Patrick Rosal on "Ars Poetica: After a Dog"

Ars Poetica: After a Dog

Here is a sex shop and a Bible shop
two doors down. Between them a sick hound roams.
Let's suppose this. There is also a two-
family house (where three families live)
across the street from a deli and this
check-cashing shack with a rabbit hutch out
back. Any one of these has been burned down
twice.
            Let's suppose this is America.

Over the years we have become the kind
of tribe that has forgotten how it trades,
over chess and chit-chat, a mango or
Jesus honey for knives. Now, we thank God
the Almighty we don't know what it's like
to be close to one another. Georgy
the Idiot, for example, feeds this
sick dog flowers. And we watch him. But then

suppose two (or twenty) of us—more—
hear a sound, some familiar din, far-off
tambourines, children's laughter, though a bit
dark, like bell and bone, and it simply grows
until we are looking at each other
wide-eyed with this small thrill calling us out,
this handsome buzz-saw racket, this rhythm
that bores the air a gurdy hum. What if,
our numbers suddenly flood a small stretch
of spoiled turnpike or dried out meadow, what
kind of sound is this that rallies us all
from precinct to nook, what noise to muster
tremors from King James and Hustler alike,
what uproar, what raucous fuss in every
American vicinity, and I
know you don't believe any human noise
can call us all together per se, but,

listen, suppose we are moved, summoned, you,
me, and the rest of us who want to know
something about everything we've outlived.
By hullaballoo, we gather, beckoned,
not too far from the XXX store and
the Bible store, not too far at all for
Georgy to carry in his sleeves the scent
of mongrel or bad cheese or onion skin
and cheap ink, and you and I and Georgy
and all stand, elbow to elbow, this small
throng of the ordinary, armed for once
with our full wits, and no, let us not say
it is a singing, but say this, this sound,
as we approach, gets stranger and stranger,
so much so, we mistake it for ourselves.
It has the bony rattle of dice-quick
wrists, the abundance of olives and lake-
shore sand. It resembles the scripture and
curse you and I, in dim-lit squares and dance-
floor muck, in crawfish mud and dancehall wine,
in broken-bed and graveyard bliss have been
grinding for all our lives, this joyful wind
and rewind of the body back down and
into jubilance so old no vector
of bullet or blade could fleck the soggy
pale neck of a boy offered to God, no
battalions of angels to save him, say,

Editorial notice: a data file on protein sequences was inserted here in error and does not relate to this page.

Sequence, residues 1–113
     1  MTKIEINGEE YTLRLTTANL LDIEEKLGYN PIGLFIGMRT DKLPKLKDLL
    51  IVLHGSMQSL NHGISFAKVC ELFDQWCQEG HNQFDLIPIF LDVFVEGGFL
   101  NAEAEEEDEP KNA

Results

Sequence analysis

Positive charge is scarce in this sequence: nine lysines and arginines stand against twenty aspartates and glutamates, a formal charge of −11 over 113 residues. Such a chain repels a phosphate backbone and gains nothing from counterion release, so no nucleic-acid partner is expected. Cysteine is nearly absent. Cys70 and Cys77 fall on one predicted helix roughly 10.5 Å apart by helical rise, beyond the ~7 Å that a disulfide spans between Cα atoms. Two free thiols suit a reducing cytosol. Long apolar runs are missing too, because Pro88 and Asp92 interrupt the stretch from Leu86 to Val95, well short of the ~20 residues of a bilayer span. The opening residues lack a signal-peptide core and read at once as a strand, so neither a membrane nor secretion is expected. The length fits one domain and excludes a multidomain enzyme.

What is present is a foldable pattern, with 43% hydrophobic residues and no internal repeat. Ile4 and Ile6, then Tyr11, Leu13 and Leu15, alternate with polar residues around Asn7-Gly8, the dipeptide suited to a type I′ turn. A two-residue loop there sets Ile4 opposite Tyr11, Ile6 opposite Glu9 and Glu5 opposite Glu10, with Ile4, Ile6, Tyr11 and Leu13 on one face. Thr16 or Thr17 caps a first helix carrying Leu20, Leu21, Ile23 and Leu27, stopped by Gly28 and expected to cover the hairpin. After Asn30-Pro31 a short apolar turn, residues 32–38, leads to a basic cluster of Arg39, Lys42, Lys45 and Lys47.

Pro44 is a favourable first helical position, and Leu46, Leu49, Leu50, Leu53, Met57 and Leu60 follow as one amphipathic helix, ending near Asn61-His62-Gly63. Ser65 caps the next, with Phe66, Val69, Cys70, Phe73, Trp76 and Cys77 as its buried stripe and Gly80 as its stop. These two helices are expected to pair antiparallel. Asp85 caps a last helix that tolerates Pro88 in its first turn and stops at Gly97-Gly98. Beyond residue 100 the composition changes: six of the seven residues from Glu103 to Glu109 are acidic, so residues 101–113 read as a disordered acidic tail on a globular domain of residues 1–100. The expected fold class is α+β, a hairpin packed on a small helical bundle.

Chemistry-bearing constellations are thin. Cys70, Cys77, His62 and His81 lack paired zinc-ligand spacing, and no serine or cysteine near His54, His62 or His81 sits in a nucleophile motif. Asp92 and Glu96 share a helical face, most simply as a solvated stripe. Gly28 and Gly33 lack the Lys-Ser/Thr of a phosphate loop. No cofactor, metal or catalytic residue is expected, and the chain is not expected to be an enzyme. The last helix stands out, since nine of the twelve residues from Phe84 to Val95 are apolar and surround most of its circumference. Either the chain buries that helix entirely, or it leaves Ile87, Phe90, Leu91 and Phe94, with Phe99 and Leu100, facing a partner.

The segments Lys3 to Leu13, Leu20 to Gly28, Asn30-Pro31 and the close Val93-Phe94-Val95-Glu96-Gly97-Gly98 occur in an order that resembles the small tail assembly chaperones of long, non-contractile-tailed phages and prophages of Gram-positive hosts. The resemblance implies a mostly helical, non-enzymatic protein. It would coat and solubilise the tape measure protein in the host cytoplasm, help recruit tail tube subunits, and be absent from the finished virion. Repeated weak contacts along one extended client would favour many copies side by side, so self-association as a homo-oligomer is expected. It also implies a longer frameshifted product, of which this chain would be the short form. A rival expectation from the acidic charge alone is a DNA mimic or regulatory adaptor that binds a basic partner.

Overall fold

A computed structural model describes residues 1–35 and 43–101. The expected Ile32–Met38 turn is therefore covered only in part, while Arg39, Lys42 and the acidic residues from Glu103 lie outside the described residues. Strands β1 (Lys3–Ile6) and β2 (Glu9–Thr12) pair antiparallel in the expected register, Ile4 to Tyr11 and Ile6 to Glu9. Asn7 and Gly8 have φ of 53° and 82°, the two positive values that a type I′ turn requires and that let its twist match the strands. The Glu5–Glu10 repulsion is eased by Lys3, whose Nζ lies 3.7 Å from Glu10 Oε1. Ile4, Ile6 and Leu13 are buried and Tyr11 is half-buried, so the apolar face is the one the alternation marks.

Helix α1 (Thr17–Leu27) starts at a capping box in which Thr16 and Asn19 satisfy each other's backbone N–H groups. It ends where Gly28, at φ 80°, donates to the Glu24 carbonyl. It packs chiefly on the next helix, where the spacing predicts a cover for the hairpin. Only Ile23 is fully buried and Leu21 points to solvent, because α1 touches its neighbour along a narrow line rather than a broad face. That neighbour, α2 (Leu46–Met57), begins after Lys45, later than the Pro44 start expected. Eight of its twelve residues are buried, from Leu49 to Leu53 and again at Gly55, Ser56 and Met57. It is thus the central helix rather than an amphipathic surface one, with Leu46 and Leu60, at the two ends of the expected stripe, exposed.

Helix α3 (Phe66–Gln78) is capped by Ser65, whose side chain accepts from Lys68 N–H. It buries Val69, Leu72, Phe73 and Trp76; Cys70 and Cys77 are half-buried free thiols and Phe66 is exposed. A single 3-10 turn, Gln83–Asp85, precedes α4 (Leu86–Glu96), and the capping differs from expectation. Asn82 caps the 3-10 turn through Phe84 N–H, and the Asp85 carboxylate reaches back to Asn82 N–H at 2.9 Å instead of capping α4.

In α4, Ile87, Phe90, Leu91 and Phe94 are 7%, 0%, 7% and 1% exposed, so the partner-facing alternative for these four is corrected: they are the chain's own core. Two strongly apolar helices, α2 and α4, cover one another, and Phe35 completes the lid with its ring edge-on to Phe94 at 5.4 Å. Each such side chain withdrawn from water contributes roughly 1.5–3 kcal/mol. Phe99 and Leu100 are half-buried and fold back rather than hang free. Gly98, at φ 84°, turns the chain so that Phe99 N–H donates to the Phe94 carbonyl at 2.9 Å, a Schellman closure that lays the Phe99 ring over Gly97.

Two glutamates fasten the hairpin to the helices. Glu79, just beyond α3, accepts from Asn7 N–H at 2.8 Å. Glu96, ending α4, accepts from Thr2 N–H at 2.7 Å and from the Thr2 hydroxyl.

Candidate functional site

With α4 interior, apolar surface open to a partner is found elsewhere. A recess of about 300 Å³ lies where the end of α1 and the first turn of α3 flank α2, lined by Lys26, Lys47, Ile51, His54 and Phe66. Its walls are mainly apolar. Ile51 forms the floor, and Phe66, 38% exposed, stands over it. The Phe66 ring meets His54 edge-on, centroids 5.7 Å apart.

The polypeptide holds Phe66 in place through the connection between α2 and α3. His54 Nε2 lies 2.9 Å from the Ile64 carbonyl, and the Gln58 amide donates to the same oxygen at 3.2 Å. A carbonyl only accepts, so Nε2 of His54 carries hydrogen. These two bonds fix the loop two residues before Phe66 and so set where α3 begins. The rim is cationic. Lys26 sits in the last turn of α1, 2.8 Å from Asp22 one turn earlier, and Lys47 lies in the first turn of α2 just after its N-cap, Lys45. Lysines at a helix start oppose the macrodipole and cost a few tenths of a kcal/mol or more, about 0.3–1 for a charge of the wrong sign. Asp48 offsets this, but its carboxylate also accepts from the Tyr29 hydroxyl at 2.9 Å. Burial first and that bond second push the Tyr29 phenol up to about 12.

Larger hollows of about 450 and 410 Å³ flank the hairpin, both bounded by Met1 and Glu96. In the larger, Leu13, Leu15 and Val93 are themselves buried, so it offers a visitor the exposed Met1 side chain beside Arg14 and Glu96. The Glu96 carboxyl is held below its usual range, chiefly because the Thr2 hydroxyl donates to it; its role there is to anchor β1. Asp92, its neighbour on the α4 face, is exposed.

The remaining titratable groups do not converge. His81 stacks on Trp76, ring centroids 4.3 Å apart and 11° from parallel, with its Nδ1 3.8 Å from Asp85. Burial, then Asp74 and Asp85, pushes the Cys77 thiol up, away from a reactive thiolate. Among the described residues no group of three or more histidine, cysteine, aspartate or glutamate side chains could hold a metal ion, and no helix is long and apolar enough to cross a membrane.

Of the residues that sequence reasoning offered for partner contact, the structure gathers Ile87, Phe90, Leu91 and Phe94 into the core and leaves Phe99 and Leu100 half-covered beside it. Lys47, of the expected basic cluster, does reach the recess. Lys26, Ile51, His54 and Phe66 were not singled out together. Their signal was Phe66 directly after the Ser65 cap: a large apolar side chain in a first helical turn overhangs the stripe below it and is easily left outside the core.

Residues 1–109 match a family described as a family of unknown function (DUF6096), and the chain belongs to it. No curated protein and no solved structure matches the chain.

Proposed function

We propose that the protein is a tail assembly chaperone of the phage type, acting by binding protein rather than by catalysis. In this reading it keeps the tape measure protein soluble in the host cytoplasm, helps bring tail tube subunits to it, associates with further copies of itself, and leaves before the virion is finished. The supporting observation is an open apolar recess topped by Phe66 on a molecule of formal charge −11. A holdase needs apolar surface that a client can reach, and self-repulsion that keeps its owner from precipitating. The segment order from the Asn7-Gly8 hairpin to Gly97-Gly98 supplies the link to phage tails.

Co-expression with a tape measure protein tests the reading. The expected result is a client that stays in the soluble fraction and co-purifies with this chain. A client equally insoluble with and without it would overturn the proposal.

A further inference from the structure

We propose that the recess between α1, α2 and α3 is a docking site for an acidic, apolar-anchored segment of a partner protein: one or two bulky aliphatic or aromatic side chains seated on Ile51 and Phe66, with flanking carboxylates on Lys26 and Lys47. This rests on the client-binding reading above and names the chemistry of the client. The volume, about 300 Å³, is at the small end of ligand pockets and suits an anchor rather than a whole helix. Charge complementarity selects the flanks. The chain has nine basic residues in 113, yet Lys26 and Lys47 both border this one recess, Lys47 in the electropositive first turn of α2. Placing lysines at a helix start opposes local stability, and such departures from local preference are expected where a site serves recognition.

what if this sound that is not a singing
becomes, one by one, the lot of us, us
improbable, us gorgeously common,
us tune's contagion. What if us do sing
with sand caught in our teeth, mango dripping
from our mouths. Jesus-honey wild, what if
the very knives start clanging too.  What if
those first no-song strains open the sex-shop
neon in us, musk in us, whiskey stink
so deep down in us we sing like this: so
funky, so loud, we refuse to neglect
what ramshackle bunkhouse, penthouse, whorehouse
we were drawn from in the first place or how
the hell we will ever find our way back.

Even so, let's not forget, the long yawp
of the poor dog who ate fresh petals some
moron savant force-fed it, having spent
three full spring days stitching them together
with metal barbs,

                                  what if no one recalls
that sound,
                      except
                                   the few surviving dogs,
the twisted thin-wire fence and the silent
magnolia blast every May. I say,
let us not slip back through the dark to sting
and peck our beloveds with more than our
usual misdeeds. I say, let us not
forget a sick hound's metallic hack and
skirl, for Georgy has found a few more dogs
to feed his barbed garlands to and before
we count ourselves among the blessed, let's say,
we ain't done yet howling into gray tombs,
ain't yet done cracking necks. Let's say this, once
and for all, for kicks, we won't taste sulfur
at the end of a fuse.
                                     When one is born,
when one dies, when one steals a moldy loaf
of bread—

                    this is how it is. The dildos
go on sale, in the rabbit hutch a snake,
we've played checkers with all the pawns, but if
there have been any lies, we're sure to let
everyone know now what they are and who
started them.

                         Some of us will not get fed
but let's listen, spooning in the dark, for
laughter,
                  for if we're lucky, sometimes both
the darkness and the laughter are our own.

This is America. If we've no choice
but sing
               in multitude no better than
the soul of a wrongly punished dog, may
God, for once, not grant us many more things
as foolish as that, given the way we
ruin our guts on rusted steel and bloom.


On "Ars Poetica: After a Dog"